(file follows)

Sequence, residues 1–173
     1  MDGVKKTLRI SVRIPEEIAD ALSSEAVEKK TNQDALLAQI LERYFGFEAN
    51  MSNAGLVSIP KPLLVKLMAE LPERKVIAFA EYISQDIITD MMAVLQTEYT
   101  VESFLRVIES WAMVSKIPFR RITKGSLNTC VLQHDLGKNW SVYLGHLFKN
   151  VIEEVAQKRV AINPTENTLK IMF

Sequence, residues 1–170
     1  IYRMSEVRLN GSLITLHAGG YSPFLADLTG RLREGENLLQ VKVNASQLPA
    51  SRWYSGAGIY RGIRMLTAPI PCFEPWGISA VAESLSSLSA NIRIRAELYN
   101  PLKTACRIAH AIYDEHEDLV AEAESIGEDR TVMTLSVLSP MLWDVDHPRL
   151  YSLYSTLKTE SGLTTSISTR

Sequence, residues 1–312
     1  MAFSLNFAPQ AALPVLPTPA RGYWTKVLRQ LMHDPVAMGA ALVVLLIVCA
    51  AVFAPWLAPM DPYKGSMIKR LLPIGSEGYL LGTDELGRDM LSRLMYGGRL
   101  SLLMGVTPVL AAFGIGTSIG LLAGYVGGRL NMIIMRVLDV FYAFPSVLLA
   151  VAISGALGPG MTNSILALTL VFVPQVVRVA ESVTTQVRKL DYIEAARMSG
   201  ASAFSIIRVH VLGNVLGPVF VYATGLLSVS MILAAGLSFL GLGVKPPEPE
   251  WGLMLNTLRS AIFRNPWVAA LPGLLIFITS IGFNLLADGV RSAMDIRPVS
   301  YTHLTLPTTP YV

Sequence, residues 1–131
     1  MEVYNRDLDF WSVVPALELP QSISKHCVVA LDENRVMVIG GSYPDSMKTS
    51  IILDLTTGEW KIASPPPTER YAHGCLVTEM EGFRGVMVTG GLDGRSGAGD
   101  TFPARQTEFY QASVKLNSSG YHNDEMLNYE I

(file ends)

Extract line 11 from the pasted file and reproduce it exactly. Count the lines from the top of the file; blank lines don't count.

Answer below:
Sequence, residues 1–312